A vacant space lab that will crash back to Earth in the coming days is unlikely to do any damage, according to the Chinese authorities, but instead offers a "great" show similar to a meteor shower.
China's space agency claims that the eight-tonne Tiangong-1 will eventually return to the atmosphere between Saturday and Monday. The European Space Agency gave a smaller window on Friday between Saturday night and late Sunday night GMT
But there is "no need to worry", said the China-manned Space Engineering Office (CMSEO) on its WeChat social media account.
Such falling spacecraft "do not bounce violently to Earth, as in science fiction movies, but turn into a magnificent (meteor shower) and move across the beautiful starry sky as they head toward Earth."] The lab became Launched in September 201
The ESA said that the lab is "uncontrolled reentry" as the ground crews can no longer fire their engines or engines, even though a Chinese space flight engineer denied he was out of control earlier this year.
ESA's updated re-entry estimate is a bit later than its previous calculations. The agency said in a blog post that now calmer space weather was expected, as a high-speed stream of solar particles did not cause an increase in density of the upper atmosphere, as previously expected.
Such an increase in density would have "The spacecraft was demolished earlier," it said. The new reentry window is still uncertain and "highly variable".
Beijing sees its billion-dollar space program as a symbol of the rise of the country. It is planned to send a manned mission to the moon in the future.
China deployed another laboratory in orbit, the Tiangong-2, in September 2016, and is a springboard to its goal of having a manned space station by 2022. 19659002] Experts have downplayed any concerns over the Tiangong-1, which would cause damage if it flies back to Earth, with the ESA finding that in the past 60 years, nearly 6,000 uncontrolled reentry of large objects has occurred without harming anyone.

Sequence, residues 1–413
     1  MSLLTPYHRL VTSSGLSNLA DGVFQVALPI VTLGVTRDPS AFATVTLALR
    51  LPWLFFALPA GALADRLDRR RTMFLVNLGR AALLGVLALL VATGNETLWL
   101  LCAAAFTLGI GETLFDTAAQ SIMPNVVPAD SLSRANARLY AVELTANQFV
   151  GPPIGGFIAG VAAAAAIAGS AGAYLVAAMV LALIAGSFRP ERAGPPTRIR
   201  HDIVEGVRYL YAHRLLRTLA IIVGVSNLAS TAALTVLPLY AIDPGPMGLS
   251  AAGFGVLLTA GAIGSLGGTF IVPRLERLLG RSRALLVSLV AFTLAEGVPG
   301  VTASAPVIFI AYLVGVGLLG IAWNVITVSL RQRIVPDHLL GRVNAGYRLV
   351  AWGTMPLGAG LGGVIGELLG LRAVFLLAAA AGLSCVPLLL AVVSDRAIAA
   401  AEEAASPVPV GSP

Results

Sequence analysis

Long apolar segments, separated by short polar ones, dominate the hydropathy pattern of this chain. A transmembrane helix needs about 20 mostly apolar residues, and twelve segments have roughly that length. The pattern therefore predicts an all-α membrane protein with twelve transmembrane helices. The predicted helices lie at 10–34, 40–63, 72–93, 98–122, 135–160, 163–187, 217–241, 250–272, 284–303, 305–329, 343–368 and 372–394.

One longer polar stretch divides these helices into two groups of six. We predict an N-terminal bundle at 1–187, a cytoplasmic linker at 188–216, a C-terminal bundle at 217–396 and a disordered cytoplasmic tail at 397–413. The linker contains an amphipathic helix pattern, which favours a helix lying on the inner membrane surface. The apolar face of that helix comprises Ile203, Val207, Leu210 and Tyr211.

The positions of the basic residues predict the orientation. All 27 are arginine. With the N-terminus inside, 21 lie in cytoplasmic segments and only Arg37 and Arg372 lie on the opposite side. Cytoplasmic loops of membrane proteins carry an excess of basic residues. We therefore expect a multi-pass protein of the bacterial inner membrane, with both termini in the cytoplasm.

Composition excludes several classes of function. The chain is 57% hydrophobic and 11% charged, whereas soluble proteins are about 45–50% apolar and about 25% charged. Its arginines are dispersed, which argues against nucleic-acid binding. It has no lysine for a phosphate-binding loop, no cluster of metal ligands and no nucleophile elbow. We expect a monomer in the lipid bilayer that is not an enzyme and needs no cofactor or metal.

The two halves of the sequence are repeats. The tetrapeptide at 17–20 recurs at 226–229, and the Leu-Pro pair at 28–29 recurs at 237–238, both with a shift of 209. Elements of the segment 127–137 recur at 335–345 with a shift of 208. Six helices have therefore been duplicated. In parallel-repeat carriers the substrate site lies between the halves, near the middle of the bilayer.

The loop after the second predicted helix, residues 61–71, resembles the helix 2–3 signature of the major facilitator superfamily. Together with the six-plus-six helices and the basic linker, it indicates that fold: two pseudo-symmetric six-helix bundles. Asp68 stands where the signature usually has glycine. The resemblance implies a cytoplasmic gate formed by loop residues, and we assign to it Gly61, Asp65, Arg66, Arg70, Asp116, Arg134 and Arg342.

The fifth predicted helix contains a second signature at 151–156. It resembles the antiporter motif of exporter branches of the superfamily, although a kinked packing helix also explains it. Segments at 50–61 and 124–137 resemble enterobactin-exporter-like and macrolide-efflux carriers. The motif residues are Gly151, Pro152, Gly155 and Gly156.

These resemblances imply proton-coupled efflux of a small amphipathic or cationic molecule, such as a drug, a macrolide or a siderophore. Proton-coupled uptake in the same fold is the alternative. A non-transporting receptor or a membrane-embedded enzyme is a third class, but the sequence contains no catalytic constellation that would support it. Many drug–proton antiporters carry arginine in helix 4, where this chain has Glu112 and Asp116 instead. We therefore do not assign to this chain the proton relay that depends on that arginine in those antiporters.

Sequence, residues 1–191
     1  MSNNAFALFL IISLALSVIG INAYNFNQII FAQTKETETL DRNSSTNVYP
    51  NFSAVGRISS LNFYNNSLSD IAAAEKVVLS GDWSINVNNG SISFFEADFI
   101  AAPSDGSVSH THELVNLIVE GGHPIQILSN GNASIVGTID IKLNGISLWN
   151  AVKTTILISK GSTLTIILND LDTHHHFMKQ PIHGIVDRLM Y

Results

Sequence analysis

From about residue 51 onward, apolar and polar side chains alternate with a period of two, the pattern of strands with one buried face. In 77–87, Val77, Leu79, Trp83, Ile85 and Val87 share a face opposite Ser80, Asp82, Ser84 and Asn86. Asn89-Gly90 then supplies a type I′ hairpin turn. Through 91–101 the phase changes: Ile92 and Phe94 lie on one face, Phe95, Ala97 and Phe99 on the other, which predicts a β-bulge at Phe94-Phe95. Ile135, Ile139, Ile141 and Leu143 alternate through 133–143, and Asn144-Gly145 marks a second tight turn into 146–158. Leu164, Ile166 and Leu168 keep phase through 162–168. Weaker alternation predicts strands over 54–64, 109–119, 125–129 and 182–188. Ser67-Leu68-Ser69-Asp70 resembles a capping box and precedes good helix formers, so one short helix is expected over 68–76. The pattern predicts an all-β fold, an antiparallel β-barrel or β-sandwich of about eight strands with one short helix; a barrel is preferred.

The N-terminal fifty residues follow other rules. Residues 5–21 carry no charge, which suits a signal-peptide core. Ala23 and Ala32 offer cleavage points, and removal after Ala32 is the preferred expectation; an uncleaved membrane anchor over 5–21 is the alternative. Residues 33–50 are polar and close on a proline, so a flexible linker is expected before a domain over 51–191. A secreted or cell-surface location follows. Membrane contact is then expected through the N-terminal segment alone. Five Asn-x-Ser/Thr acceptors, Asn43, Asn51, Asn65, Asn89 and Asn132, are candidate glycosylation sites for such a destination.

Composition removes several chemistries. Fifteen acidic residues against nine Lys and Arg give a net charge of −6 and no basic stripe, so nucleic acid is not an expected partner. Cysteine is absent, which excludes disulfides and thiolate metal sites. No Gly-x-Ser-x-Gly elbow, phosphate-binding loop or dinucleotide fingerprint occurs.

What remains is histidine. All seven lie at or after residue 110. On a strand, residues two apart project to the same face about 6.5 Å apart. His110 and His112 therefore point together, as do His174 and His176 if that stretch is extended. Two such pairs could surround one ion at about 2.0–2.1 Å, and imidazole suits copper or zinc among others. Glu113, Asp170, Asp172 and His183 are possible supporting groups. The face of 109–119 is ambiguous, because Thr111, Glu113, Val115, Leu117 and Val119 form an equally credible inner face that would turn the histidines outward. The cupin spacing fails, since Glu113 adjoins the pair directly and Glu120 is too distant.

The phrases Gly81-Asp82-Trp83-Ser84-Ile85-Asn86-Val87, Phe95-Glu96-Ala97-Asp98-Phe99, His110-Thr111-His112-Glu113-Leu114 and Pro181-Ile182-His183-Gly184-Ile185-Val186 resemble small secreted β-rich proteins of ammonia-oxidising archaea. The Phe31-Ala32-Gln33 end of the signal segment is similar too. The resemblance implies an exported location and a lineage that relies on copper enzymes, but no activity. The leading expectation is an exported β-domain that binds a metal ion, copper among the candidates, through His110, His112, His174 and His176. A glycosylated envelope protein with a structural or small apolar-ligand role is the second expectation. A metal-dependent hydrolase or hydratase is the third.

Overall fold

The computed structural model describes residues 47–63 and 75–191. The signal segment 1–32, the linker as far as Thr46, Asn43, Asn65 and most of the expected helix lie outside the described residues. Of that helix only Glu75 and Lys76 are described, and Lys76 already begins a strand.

The CMSEO said the likelihood that someone will be hit by a meteorite weighing more than 200 grams is one in 700 million.
& # 39; Spectacular show & # 39;
During uncontrolled reentry, atmospheric drag tears off solar arrays, antennas and other external components at a height of about 100 kilometers (60 miles), according to the Chinese Space Agency
The increasing heat and friction will cause the main structure burns or explodes, and it should dissolve altitude of about 80 kilometers, it said.
Most fragments will dissolve in the air and a small amount of debris will fall relatively slowly before landing, most likely in the ocean covering more than 70 percent of the earth's surface.
Jonathan McDowell, an astronomer at the Harvard-Smithsonian Center for Astrophysics, estimates that the Tiangong-1 is the 50th most massive uncontrolled reentry of an object since 1957.
"Much bigger things fell without casualties," McDowell
"This thing is like a small plane crash," he said, adding that the trail of debris will scatter hundreds of miles apart.
At a height of 60-70 kilometers, debris will begin to become a "series of fireballs" where local people "see a spectacular show," he said.
China will intensify its efforts to coordinate with the United Nations Office for Space Issues. Entry is approaching, Foreign Ministry spokesman Lu Kang reporter said Friday
"I want to emphasize that we attach great importance to this issue, and we have been very responsive to the applicable laws and regulations," said Lu.
"What I've heard The likelihood of large amounts of debris falling to the ground is very low."
(This story was not edited by NDTV staff and is automatically generated from a syndicated feed. ) <! – –